Autumn Trophy 2

Venue Slieve Garron
Date Sat, 22nd Sep 18
Starts 11:30 to 13:00
iCal file iCal

Event Description

This is the second in LVO’s “Autumn Trophy” series. You are welcome to join us even if you are not a member of the club (for insurance purposes you may attend two events as a non-club member but after that you need to join an orienteering club).

This event is on private farm and forestry land and is a rare opportunity to see some of the most beautiful views in County Down. Those on the green course may enjoy a stunning view towards the Mourne Mountains.

Registration, Start Times and Closing Time

  • Registration will be alongside the car-park from 11:00. Allow 20 minutes to walk from registration to the start.
  • Starts are from 11:30 to 13:00.
  • Courses close at 15:00, at which time controls will be lifted.

Directions and Parking

The map at the top of this post shows the location of Slieve Garron. Parking is off the Clonvaraghan Road at the Seeconnell Private Home. This is a private residential home and we are grateful to the management for their use of the car-park. Please respect their wishes to park in the zone shown below or as directed on the day…please keep entrances/exits clear.

Park in red zone

The route to the start is 1km along a quiet public road. There is no footpath. Please accompany children.

Slieve Garron – Route to Start


Slieve Garron is an intricately contoured area with a triangle of runnable coniferous woodland to the NE and open hillside elsewhere. The mountain rises to 380m at its highest point. The map is 1:7,500 with contour intervals of 5m. Light green forest is runnable.

Contours on Slieve Garron



There will be three courses, details for each course are:

  • Green 4.2km, 195m climb, 18 controls
  • Orange 2.6km, 125m climb, 15 controls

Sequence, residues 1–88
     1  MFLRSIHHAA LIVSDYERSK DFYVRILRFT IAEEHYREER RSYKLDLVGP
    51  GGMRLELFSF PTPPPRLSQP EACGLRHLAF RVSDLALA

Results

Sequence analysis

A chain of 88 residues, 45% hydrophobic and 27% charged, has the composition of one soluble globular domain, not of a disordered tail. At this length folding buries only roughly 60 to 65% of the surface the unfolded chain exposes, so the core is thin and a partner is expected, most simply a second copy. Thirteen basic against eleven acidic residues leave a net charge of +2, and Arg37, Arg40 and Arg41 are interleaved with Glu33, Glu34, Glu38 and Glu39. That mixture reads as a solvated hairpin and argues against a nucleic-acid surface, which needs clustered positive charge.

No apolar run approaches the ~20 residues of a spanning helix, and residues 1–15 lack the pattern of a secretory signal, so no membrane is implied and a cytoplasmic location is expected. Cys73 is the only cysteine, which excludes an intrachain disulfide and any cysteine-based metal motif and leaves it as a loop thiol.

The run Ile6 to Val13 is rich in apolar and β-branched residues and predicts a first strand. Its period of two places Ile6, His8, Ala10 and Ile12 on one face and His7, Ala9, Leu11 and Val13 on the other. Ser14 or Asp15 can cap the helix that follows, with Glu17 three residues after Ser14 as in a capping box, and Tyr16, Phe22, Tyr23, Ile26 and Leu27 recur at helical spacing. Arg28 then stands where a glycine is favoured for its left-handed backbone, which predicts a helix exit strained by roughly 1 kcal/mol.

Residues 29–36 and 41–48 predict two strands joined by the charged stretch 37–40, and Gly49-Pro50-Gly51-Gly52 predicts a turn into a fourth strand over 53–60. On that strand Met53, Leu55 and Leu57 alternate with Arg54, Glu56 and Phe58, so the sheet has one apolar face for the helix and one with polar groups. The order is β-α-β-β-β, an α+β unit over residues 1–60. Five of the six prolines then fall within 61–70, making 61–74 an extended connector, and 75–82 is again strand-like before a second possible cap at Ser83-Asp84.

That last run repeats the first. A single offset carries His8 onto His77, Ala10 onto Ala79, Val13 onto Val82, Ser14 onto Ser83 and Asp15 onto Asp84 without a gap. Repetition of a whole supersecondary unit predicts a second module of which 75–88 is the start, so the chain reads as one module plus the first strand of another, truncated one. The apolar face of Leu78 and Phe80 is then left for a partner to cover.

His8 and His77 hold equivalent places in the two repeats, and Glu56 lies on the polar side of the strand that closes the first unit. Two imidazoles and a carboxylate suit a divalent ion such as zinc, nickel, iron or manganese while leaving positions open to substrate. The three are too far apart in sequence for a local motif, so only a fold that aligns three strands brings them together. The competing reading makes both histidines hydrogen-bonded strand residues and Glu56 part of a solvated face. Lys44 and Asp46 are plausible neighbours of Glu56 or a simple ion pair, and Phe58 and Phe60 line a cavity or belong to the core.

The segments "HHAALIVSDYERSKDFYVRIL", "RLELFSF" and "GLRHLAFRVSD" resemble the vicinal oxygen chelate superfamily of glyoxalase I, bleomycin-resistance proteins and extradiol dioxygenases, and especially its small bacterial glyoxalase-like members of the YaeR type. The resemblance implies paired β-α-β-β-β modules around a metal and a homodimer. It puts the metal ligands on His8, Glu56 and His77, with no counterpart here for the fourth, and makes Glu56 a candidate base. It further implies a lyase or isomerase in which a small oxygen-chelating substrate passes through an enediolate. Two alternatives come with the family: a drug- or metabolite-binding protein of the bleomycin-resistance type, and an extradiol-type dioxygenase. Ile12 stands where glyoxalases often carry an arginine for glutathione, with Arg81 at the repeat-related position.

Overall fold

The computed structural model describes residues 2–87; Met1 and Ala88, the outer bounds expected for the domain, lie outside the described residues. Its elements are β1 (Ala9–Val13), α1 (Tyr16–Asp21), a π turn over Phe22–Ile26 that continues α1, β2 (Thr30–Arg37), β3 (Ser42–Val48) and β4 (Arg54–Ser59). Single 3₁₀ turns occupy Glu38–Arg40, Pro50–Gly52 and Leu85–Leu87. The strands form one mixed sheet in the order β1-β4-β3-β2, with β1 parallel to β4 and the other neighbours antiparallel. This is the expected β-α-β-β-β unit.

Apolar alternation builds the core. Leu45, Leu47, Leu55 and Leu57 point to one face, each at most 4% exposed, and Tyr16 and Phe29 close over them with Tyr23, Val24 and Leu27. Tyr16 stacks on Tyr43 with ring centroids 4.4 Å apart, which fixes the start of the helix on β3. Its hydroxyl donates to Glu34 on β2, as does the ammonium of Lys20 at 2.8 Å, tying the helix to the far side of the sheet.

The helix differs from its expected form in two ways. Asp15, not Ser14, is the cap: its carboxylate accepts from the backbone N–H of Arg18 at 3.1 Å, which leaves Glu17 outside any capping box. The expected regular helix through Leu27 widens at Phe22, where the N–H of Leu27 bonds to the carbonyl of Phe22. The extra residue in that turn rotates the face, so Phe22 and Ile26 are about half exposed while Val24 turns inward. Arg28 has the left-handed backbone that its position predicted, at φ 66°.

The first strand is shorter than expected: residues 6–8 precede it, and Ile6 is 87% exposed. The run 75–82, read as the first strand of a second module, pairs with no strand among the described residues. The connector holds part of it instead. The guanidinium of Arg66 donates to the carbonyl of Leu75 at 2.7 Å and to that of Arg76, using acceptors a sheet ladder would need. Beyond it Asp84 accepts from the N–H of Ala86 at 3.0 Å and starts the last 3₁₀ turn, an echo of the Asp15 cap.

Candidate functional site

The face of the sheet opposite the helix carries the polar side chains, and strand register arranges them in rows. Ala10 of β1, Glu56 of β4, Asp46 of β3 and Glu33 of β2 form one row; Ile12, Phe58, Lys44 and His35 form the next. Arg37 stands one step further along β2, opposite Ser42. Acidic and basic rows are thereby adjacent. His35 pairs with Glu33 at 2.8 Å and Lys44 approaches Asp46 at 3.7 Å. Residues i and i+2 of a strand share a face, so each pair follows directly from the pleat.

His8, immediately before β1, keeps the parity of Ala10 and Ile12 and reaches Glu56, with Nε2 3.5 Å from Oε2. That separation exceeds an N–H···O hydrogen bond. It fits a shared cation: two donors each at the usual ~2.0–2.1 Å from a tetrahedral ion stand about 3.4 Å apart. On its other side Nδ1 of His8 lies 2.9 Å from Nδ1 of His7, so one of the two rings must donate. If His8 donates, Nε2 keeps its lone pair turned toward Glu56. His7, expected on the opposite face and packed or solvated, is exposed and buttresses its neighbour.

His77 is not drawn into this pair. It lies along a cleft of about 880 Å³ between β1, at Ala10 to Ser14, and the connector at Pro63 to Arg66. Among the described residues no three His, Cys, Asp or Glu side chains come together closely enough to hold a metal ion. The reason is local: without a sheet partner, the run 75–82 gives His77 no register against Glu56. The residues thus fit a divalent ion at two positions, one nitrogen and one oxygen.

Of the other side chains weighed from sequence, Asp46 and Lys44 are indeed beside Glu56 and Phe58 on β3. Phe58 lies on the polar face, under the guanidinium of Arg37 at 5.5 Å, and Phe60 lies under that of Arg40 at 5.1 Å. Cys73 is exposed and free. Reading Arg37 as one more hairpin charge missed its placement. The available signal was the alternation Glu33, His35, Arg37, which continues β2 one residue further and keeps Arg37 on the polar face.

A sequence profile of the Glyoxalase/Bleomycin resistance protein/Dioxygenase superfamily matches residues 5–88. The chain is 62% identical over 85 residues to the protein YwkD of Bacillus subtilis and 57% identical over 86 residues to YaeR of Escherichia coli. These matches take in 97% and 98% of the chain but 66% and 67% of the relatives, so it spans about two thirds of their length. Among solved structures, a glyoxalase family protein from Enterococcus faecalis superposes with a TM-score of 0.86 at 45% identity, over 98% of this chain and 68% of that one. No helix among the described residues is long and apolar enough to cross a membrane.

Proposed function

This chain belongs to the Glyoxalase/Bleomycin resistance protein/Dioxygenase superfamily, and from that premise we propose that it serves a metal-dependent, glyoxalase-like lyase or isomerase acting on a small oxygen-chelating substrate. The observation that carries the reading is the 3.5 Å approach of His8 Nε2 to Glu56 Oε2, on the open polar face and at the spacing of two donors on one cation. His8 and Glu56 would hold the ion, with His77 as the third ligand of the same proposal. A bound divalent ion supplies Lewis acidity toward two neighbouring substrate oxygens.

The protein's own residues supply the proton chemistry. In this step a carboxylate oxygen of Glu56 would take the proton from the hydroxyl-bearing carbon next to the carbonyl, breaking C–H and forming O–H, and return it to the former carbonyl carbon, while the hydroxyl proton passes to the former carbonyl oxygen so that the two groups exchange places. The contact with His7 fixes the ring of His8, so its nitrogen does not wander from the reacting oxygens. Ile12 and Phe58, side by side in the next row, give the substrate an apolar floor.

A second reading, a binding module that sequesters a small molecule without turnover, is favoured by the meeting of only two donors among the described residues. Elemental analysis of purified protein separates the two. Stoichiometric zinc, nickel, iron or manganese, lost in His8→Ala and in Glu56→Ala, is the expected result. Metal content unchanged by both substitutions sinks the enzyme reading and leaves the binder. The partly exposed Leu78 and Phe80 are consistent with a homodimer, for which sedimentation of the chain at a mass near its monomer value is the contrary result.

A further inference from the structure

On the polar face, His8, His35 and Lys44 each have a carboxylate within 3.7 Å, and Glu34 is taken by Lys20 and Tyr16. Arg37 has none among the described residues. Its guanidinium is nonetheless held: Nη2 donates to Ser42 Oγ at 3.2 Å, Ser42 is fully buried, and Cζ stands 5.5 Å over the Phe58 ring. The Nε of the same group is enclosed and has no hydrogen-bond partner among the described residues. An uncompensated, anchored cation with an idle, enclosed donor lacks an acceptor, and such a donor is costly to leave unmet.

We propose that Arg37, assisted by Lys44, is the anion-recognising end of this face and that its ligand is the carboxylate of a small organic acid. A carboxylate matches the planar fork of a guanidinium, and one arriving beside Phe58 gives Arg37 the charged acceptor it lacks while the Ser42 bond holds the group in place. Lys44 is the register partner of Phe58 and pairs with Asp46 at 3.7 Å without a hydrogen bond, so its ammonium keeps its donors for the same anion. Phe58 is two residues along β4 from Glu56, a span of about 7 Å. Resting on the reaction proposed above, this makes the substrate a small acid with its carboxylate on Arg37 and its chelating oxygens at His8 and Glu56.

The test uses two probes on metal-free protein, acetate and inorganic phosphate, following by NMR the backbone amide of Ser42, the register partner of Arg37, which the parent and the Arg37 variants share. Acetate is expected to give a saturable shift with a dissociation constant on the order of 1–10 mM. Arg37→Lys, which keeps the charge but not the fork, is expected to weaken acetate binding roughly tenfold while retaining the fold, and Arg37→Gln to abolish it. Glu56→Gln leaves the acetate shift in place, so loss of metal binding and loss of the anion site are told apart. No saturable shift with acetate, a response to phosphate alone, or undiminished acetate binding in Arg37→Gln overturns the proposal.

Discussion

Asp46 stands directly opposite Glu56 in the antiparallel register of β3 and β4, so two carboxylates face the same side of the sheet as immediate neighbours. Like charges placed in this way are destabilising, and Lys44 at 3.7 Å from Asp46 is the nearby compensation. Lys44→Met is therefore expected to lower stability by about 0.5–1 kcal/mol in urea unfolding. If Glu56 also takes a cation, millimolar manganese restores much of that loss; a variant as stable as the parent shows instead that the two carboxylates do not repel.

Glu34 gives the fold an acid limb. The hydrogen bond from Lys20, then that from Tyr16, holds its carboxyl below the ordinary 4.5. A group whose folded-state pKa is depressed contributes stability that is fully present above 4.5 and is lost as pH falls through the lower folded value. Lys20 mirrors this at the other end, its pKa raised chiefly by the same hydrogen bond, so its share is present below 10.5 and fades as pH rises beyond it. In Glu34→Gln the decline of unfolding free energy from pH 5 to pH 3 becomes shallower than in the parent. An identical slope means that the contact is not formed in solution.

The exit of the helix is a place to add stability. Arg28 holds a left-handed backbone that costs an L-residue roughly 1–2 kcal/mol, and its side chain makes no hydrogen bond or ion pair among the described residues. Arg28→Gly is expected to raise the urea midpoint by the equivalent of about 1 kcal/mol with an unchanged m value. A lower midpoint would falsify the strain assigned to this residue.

• Yellow 1.9km, 85m climb, 11 controls

Very Important Notice about Fences

The land-owners have been very open and obliging in permitting us to use their property for this event. The area is crisscrossed with fences, some newly erected. The courses have been planned with a view to minimising the need to cross fences. It is essential that you cross fences only at crossing points shown on the map or at gates. Any competitor found crossing at other points will be disqualified. There is one exception on the Green course. A fence must be crossed between controls 16 and 17. No crossing point has been designated as this would compromise route choice and the  fence at this point is easy to step over every 10m or so.

On the day the crossing points will be marked with red and white tape and will be at points where the fences may be stepped over (not climbed over). Please report any damage to fences to the organiser.


Escape route: A road completely circumnavigates Slieve Garron so in the worst case going downhill in any direction will take you to a road but unless there is an overriding factor escape is to the E to join the road.

Livestock: The SE area was being grazed by by cattle (two to be precise!) during the early stages of planning. There will be information at the MOO as regards the situation on the day. A neighbour told me the cattle were used to people and were friendly!

Walk to/from the start: There will be a walk of 1km along country roads to/from the start. Please take care and children should be accompanied.

Exposed rock and steep mountain side: All courses have “cliffs” as features – these are generally only a couple of metres high but you should take care if approaching from above – go around rather than over please! The green course crosses some steep mountain side but the course has been planned to avoid the worst of this.